As part of the annual recognition of the agriculture industry, the Virgin Islands Department of Agriculture is celebrating National Agriculture Week themed, “Agriculture: Sustaining Future Generations” and hosted an open house Tuesday at the Rudolph Shulterbrandt Agriculture Complex on St. Croix to introduce the public to the department’s operations, with highlights including heavy-equipment demonstrations and the slaughtering of a single sheep in the department’s on-site abattoir.
Commissioner-designee Carlos Robles welcomed about 200 students from public, private and parochial schools across St. Croix to the event on Tuesday.
“Many of you have been here before for other instances, but today you’re going to get to see agriculture and agriculture alone,” he said.
He told the large group they would have the chance to see how some of the meat products their parents purchase at local supermarkets are processed “so that you can eat it.”
“I know many of you just visited here during the Ag Fair only and you think that’s all we do, is prepare for the Ag Fair; that’s not true,” said assistant commissioner, Luther Renee. “We do a lot more. We have a nursery, we have an abattoir, we have a garage, we have a number of things that you will see as you walk around today.”
After some housekeeping, the youngsters were off to explore the agriculture grounds. CJM Homeschoolers and Evelyn M. Williams Elementary students could be seen observing the operation of the department’s heavy equipment and machinery.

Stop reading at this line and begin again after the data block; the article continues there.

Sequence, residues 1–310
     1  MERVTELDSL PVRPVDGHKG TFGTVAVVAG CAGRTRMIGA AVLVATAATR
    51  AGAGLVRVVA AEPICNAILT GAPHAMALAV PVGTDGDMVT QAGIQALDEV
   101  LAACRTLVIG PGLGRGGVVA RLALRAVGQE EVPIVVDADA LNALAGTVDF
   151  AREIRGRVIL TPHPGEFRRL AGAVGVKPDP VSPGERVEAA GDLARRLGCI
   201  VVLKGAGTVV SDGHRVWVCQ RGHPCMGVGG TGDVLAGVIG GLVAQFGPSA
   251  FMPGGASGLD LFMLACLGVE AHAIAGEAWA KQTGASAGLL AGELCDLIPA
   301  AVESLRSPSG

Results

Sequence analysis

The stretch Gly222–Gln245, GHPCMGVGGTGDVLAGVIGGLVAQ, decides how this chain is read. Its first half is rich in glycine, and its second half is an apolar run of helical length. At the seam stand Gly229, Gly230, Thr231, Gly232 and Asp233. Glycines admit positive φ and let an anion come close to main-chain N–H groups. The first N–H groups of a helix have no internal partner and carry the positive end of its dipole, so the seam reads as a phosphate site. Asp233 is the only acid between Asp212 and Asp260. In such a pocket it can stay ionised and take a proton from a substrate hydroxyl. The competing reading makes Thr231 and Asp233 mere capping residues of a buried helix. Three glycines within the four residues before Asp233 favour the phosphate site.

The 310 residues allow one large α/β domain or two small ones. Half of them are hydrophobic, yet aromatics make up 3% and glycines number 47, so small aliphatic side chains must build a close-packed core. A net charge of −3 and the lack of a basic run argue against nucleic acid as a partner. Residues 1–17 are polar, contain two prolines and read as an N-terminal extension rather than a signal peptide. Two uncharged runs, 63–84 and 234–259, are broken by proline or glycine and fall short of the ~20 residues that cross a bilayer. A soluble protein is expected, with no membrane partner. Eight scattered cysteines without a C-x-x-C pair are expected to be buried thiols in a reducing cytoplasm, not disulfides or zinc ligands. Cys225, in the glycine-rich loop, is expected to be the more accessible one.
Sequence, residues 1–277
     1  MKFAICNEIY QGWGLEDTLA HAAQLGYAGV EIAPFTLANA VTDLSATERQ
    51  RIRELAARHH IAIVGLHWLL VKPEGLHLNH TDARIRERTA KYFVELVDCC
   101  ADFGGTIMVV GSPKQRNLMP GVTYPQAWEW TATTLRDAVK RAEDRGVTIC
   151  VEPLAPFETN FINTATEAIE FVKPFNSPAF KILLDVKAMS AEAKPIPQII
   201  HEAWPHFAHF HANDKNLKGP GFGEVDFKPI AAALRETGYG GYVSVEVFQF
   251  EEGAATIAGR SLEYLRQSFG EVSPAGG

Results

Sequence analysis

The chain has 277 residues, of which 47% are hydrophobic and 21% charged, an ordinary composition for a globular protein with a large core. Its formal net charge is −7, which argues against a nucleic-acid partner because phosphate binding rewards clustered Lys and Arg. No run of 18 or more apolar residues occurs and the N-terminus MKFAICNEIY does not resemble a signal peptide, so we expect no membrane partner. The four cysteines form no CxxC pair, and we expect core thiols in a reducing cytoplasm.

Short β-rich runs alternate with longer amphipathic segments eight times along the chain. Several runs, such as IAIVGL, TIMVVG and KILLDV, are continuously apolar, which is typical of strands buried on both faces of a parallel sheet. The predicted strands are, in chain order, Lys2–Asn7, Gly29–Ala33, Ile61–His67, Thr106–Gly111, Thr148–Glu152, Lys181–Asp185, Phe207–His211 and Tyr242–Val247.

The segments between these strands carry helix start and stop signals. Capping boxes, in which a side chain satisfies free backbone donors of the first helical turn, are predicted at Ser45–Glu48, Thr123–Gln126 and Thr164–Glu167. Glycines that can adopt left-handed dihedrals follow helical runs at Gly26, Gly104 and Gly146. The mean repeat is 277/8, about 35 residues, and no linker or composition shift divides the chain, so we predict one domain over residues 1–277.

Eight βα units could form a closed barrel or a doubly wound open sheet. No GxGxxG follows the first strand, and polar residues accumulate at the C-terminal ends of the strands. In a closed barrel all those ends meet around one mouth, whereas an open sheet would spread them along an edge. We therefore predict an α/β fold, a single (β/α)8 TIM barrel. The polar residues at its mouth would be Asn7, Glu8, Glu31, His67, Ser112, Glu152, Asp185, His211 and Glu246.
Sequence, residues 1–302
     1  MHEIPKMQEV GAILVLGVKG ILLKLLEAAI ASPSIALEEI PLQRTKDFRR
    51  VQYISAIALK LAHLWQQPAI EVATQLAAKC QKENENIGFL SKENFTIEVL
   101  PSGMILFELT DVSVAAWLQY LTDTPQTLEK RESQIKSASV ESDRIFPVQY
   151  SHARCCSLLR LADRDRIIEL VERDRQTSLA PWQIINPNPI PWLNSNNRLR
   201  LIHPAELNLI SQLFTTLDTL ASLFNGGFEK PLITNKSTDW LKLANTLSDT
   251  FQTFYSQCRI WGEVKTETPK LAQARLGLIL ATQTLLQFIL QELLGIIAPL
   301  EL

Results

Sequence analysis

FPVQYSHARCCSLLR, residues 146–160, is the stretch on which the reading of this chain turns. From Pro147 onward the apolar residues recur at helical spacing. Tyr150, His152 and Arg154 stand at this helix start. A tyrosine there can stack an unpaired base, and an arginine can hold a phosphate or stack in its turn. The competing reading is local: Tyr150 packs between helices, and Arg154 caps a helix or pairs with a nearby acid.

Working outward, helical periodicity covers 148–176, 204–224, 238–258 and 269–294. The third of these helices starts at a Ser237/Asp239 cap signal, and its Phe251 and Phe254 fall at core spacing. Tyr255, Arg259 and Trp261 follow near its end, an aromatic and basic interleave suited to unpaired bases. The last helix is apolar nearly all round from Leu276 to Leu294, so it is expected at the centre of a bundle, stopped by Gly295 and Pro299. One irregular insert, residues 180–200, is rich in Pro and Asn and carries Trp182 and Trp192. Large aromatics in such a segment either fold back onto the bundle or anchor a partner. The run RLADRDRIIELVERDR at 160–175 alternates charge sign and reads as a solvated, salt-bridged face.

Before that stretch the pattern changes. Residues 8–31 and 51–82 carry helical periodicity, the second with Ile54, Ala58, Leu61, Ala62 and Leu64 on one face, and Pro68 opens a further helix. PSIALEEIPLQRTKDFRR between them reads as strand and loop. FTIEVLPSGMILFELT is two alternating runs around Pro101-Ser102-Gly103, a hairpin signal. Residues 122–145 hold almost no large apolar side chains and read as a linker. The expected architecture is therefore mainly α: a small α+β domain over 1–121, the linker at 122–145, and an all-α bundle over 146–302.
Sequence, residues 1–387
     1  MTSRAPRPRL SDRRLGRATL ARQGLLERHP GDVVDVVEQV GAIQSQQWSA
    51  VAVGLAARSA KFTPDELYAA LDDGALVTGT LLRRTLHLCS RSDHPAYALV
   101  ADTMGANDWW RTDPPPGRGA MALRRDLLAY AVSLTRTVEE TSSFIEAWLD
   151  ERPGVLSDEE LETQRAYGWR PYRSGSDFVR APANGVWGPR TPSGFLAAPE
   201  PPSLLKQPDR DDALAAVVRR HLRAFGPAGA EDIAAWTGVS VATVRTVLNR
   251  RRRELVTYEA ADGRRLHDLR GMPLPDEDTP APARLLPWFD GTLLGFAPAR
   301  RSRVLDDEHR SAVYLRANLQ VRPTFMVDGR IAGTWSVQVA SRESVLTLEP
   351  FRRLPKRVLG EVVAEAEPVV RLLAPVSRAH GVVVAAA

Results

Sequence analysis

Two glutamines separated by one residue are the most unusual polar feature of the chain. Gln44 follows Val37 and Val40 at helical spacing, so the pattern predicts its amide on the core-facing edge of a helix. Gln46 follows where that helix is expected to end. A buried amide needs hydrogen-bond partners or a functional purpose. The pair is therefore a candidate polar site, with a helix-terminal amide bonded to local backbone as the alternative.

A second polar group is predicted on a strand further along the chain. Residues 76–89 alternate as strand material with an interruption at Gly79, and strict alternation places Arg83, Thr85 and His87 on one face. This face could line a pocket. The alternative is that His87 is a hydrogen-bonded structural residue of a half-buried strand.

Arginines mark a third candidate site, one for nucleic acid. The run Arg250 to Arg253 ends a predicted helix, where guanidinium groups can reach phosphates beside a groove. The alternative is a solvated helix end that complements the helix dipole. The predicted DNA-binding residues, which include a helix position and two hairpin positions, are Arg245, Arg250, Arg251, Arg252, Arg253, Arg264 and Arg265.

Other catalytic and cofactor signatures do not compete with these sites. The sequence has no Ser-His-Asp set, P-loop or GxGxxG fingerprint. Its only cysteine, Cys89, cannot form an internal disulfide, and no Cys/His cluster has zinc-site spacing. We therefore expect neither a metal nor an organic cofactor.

Then, it was on to the abattoir to witness the processing of meat, from the slaughtering of the animal to the preparation of the meat for sale. But, before the demonstration, VI Consortium spoke with seventh and eighth-grade students enrolled in the Elena L. Christian Junior High School Future Farmers of America (FFA) club, under the leadership of Mr. Farrelly.
“Farming is interesting because everything that surrounds us is mostly about farming and it’s how we got here. And agriculture has something to do with hands-on experiences and I like that kind of stuff,” said eighth-grade student, Saker Saker.
Trey Francis, the club’s vice president, said it was good for his group to take the trip because “agriculture is not just about planting seeds, it’s also about the animals that are here and we can see the process before they sell to the public.”
Francis went on to say that as a first-year FFA student, he is learning that “agriculture is all around us.”
“Agriculture is one of the most important things in life,” the seventh-grader added.
Several of the young ladies in the group expressed a desire to pursue careers in agriculture.
“I would be happy to have a career in agriculture like fashion designing or as a chef,” said eight-grade student, Sathi Bethelmy. She pointed out that fashion goes hand-in-hand with agriculture because “you have to know where your clothes come from. You make shirts out of cotton and there is also silk.”